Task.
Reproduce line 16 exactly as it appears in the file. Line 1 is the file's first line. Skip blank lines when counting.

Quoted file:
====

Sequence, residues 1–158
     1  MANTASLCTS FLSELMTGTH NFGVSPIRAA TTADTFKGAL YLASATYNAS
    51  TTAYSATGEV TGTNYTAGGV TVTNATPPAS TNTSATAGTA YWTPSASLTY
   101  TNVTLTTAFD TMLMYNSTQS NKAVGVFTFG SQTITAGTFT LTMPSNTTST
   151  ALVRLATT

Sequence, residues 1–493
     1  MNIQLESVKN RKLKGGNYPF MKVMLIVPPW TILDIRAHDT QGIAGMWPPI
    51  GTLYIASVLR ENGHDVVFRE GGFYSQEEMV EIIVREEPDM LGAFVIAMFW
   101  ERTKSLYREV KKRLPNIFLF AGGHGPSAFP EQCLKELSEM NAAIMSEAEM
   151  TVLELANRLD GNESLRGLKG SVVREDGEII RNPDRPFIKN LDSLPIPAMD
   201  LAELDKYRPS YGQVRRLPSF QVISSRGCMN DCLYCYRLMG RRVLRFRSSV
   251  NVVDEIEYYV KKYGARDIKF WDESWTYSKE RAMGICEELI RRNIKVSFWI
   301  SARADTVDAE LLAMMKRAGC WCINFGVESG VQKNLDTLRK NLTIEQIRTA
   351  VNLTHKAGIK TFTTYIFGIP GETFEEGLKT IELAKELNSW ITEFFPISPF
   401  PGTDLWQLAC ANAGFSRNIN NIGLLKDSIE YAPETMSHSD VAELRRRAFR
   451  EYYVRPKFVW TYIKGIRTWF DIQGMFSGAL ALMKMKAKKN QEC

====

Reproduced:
   451  EYYVRPKFVW TYIKGIRTWF DIQGMFSGAL ALMKMKAKKN QEC